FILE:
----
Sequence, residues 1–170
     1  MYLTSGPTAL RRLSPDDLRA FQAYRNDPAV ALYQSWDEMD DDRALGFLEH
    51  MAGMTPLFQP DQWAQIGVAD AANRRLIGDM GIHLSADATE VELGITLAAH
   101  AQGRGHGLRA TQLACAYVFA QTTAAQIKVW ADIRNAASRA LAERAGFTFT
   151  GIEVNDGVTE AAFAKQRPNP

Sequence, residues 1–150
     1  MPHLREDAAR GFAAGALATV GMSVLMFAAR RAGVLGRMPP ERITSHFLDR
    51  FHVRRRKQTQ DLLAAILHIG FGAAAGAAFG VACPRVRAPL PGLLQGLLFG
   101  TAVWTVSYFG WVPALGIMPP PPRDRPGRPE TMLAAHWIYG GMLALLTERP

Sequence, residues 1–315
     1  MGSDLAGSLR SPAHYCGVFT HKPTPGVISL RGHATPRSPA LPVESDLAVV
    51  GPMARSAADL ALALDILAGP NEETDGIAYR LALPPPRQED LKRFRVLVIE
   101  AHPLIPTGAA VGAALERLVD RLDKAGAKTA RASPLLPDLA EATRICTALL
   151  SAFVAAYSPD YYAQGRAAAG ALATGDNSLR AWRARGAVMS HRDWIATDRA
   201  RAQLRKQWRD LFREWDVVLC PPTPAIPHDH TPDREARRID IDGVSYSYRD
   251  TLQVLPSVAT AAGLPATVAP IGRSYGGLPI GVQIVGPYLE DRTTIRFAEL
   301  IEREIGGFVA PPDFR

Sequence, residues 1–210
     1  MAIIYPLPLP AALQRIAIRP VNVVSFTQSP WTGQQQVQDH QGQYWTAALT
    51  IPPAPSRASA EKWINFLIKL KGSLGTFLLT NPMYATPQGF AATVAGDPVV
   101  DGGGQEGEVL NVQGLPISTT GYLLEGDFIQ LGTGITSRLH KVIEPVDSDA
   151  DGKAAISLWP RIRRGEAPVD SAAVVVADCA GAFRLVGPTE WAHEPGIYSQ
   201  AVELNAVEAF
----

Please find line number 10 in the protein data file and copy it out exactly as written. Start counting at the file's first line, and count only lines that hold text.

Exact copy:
Sequence, residues 1–315